Sacramento became a big league town by building what looked like an airplane hangar in the middle of a field, filling it with 10,333 seats atop hardwood floors, dropping a basketball court on the floor and opening the doors to a city that had previously been a nice minor league town, although it was the capital city of California.
The facility, which eventually would become an office building, was purely Double A, but the atmosphere was out of this world. It was a throwback to the ‘40s and ‘50s when the NBA had teams in New York towns like Rochester and Syracuse and whistle stops like Fort Wayne, Ind.
The Kings, who moved from Kansas City in 1985, were a low-level playoff team but also the greatest major league franchise in Sacramento history (read: only), and the locals loved them.
Those 10,333 seats were filled with screaming fans every night and sound bounced loudly off the walls, ceiling and floor. Boosted by a small building and favorable acoustics, Kings fans quickly distinguished themselves as the loudest in the league. The facility may have made NBA officials cringe – and it was, in fact, replaced three years later – but the enthusiasm was stirring and it was a great little place to watch basketball.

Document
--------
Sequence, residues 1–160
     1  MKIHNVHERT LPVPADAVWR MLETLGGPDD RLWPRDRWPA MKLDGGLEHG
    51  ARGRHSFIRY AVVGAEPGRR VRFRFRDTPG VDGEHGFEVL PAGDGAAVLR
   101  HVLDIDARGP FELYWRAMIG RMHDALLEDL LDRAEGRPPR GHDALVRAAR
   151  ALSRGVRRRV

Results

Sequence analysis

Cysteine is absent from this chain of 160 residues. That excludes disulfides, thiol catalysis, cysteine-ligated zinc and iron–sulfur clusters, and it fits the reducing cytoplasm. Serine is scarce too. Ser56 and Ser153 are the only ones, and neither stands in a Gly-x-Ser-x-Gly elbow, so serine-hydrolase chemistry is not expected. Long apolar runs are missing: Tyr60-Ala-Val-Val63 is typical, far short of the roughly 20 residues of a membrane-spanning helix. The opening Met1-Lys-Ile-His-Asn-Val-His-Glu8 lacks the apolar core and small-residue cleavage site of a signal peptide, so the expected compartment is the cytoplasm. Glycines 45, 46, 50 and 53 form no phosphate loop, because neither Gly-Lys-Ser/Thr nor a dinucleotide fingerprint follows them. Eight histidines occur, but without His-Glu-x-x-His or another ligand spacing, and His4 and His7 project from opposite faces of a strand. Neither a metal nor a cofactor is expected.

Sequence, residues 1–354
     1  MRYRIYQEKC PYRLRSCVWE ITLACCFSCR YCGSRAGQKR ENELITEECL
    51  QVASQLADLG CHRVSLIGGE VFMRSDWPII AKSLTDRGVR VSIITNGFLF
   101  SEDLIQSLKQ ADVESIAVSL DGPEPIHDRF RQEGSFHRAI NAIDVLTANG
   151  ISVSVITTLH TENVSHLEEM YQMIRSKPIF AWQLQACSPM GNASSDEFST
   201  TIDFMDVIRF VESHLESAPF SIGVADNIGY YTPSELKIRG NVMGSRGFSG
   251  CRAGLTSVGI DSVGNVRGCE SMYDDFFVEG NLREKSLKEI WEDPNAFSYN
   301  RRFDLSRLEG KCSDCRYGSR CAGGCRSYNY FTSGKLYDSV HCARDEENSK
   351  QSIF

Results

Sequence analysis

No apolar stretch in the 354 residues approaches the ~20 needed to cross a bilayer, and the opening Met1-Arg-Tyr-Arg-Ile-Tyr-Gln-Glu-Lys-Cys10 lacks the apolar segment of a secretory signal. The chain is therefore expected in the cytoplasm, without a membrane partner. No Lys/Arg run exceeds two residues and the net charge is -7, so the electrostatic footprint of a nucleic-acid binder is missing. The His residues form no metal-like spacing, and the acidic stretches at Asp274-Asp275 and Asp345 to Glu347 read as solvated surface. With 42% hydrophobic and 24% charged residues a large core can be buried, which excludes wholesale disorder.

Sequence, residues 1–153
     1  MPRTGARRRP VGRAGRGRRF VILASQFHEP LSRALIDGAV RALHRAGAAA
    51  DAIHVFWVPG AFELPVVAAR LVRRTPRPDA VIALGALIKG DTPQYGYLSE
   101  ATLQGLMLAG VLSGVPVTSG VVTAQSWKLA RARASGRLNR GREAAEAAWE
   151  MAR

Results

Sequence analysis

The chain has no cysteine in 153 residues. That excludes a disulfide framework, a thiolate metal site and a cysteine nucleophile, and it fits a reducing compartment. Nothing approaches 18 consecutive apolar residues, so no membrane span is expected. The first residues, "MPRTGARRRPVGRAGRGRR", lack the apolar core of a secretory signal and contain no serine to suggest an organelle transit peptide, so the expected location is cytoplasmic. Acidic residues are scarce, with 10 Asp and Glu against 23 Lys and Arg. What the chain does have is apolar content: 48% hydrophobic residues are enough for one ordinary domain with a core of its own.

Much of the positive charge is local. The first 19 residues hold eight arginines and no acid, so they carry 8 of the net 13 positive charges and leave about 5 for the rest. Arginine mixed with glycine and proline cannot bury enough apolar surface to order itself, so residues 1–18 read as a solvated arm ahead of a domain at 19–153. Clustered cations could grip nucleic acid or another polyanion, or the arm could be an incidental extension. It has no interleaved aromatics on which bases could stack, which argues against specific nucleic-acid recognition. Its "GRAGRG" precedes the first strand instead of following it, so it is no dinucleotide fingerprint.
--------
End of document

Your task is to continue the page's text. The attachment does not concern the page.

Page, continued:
It could, however, provide challenges. I saw five or six games at the arena while I was covering the Dallas Mavericks, and one night, something hilarious happened – not funny to Mavericks coach Dick Motta, but amusing to the rest of us.
The Mavericks trailed the Kings and, honestly, I don’t remember whether it was by one or two points and if the Mavericks had a chance to win or tie. But it was a late-game situation where the Mavericks needed a field goal and were inbounding underneath their own basket, so they had a full court to go.
Mark Aguirre was their strongest player so his job was the throw the long pass. He cocked his arm and threw a Tom Brady Hail Mary toward the other end. One of the other problems with the temporary arena, however, was the ceiling was low. And that made the scoreboard much closer to the court than in any other arena.
Aguirre’s pass never made it to the other side. It banged into the scoreboard with a loud thud and dropped harmlessly to the court. It was scene that would have fit perfectly in a Three Stooges skit, and many in the crowd laughed and giggled.
Motta did not. He walked off the court muttering and at that point, he was probably questioning the worthiness of Sacramento as a big league town.
So after a nice ride that lasted more than a quarter-century, that question is being asked again: Is Sacramento a big league town? No other league has even thought about placing a franchise in the city, even though it is the 20th largest TV market in the country.